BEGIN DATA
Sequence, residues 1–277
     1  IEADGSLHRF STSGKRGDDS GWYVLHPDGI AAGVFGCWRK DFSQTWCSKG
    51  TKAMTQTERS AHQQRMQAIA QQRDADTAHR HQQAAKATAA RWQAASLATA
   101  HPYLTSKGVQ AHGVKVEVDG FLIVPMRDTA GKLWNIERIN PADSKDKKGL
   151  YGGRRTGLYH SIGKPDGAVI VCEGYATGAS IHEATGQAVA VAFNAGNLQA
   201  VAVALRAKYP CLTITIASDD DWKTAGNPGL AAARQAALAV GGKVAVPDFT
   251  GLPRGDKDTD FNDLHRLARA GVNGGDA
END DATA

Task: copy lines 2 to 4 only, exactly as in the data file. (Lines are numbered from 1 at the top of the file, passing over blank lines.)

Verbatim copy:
     1  IEADGSLHRF STSGKRGDDS GWYVLHPDGI AAGVFGCWRK DFSQTWCSKG
    51  TKAMTQTERS AHQQRMQAIA QQRDADTAHR HQQAAKATAA RWQAASLATA
   101  HPYLTSKGVQ AHGVKVEVDG FLIVPMRDTA GKLWNIERIN PADSKDKKGL